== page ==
osch avatar image
osch asked

MPPT 100/30 vs. 600 Ah

Is the MPPT 100/30 suitable for 5x 120Ah lead-acid batteries connected in parallel? All batteries will be of the same type and new.

If yes, what should I keep in mind?
What is your recommendation for 600Ah?

Why 5x 120Ah? Because they currently have the best price performance.

MPPT Controllers
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2 Answers
Justin Cook avatar image
Justin Cook answered ·

@OSch, 30A into a 600Ah bank is pretty low... assuming your panels and sunlight are sufficient to let the controller actually provide that 30A into the batteries, you're still only at 5% or less charge rate. Now, granted, you have a maximum DOD of 50% on those batteries, so actually only 300Ah usable capacity, so you're actually sitting around 10% charge rate, but still. This may be fine for you if you don't plan much in the way of discharge or if you get so much sun that you're not worried about charging quickly, but man, I'd really think about getting something in the 60-100A range to get you charged up in a reasonable amount of time.

Again, though, that depends entirely on the panels you have as well, whether or not you have enough panels to support a 250/100 or something in that range.

Separately from all that, lol at the 120Ah FLA having the best price performance. The best price off the shelf, certainly, but considering that you're only getting a maximum of half your rated capacity as usable, and that they'll last roughly 1/6th of the rated life of a LFP... definitely not the best performance, nor the best price for the performance. I know LFP's are super expensive, but even an AGM or a Gel bank, depending on your actual needs, would last 2 to 6 times as long and give you more of your capacity in actual usable form. If you haven't already purchased your new bank, I strongly suggest you do some more comparison shopping, and consider that 1. An FLA battery is usually only rated to a maximum of 900 cycles (often less), and 2. An FLA battery can only be discharged to a maximum of 50% of its rated capacity (often less), and 3. An FLA battery will drop voltage as it discharges.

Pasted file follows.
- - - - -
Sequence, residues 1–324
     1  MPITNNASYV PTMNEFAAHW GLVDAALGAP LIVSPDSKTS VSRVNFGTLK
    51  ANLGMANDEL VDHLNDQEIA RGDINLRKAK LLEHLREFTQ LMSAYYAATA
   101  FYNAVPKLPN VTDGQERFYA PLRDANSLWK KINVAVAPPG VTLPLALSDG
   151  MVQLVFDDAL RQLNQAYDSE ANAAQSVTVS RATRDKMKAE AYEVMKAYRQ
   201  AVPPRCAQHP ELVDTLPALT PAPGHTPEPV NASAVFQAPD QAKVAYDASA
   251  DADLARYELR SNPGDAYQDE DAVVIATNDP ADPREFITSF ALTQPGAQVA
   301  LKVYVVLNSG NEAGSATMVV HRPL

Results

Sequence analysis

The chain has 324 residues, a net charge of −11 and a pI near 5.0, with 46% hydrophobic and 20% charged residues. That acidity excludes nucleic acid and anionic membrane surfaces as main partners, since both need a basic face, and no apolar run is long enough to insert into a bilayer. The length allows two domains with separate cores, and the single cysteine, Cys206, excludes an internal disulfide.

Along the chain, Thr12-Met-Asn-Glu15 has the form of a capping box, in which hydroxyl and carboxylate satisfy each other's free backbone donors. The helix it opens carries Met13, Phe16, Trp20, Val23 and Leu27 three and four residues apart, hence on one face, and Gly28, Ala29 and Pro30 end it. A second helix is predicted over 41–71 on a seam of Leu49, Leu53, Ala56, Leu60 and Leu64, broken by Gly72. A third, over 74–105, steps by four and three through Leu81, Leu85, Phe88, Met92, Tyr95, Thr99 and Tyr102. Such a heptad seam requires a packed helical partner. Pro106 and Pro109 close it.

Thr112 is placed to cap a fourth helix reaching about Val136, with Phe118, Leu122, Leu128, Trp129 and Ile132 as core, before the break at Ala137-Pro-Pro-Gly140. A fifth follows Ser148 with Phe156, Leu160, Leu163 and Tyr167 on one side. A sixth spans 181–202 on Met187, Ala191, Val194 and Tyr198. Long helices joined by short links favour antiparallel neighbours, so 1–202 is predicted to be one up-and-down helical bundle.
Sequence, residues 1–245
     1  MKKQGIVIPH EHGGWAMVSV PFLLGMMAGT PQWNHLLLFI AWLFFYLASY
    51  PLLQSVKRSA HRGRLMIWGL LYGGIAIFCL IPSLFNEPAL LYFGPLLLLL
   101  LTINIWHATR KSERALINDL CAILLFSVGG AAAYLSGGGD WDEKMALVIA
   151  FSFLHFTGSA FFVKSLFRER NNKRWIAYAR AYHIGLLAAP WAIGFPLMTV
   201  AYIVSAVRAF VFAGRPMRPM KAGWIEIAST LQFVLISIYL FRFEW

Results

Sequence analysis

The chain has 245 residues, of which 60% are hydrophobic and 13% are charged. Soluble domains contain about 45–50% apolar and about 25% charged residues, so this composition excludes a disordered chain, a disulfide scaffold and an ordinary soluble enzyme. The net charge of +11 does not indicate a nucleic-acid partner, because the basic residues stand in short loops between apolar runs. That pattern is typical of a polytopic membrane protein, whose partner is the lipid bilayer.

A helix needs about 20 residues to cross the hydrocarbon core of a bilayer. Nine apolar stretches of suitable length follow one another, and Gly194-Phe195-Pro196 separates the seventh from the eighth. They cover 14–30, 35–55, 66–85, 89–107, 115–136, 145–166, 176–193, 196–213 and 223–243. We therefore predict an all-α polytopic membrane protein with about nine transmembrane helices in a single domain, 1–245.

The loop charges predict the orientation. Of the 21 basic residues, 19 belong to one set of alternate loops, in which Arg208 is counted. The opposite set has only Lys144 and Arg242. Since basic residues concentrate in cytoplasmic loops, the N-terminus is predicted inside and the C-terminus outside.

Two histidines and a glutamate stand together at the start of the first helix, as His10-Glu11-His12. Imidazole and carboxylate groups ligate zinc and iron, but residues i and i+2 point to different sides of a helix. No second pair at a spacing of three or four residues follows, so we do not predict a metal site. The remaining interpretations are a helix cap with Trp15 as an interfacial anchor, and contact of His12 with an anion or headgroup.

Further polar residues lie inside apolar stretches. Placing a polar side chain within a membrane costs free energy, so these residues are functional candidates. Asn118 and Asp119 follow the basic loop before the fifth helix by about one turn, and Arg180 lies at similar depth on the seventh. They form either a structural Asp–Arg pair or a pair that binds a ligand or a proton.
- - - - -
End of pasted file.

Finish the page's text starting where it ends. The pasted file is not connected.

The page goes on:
In comparison, an LFP battery can be discharged to 80% of capacity (or more) and is rated to 3000 cycles (or more) and maintains a constant voltage during discharge. If the LFP is a but pricey for you, I'd highly recommend that you look into Gel or AGM batteries, as there are several offered that get you closer to the performance and lifespan of an LFP while still staying closer to the cost of the FLA batteries.

...just my two cents...

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bmac avatar image bmac commented ·

Hi Justin - i hear and read what you are saying quite regularly regarding FLA and lifecycle. I have FLA like the OP, mine are Trojan and this is their specs (229 A/h @C20):

I used to live on a boat and came across many boaties that had Trojan T105's (i contacted Trojan direct and they confirmed the T105RE are the same battery as the one i have copied the specs on) still going after 15 years. Obviously off grid is different application. I can't understand what people are referring to when they comment about FLA and life cycle with figures like you put forward. Just size the battery bank to your usage - i draw down between 10 & 20% on mine so don't see any reason why i won't get over 10 years out of them.

However, i do see plenty of benefits for lithium regarding being able to charge and draw at high amps - certainly very beneficial for higher latitudes and users with high amp loads.

Financially lithium just does not stack up if you know how you are going to use your batteries and that use is suitable for FLA.

(been meaning to ask this question for a long time! PS not trying to stick up for FLA - horses for courses as they say)

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osch avatar image
osch answered ·

Hello Justin, many thanks for the detailed answer. I was very happy about it.

I understand what you are saying. For a mobile application where weight, battery size and high charge cycles are required, LFP's are the best choice. I should better describe the purpose of use:-)

It's an island solution for a garden house. The installation has a long time to load the LFAs. But when the visit comes, 300 watts should be available for about 6 hours.

The MPPT 100/30 is supplied with 2x 270 Watt panels.

2 consumer circles will be set up. 1x 12 Volt for continuous supply of alarm, monitoring and emergency light. And 1x 230 Volt via a 1.5 KW inverter for the visit.

My consideration is to try LFA's at least for the beginning. To see how long they last. (5x120Ah a. 90,-- =450,--). I hope I can count on 5 years life span for this use.

For comparison the 600Ah on LFP basis cost approx. 6000,--

I count:-): Let's assume the LFA only last one year. Then I can buy new LFA for 13 years. (6000,-- / 450,-- = 13,33 years)

Right? Or do I have a mental error?
I am very grateful for your comments.


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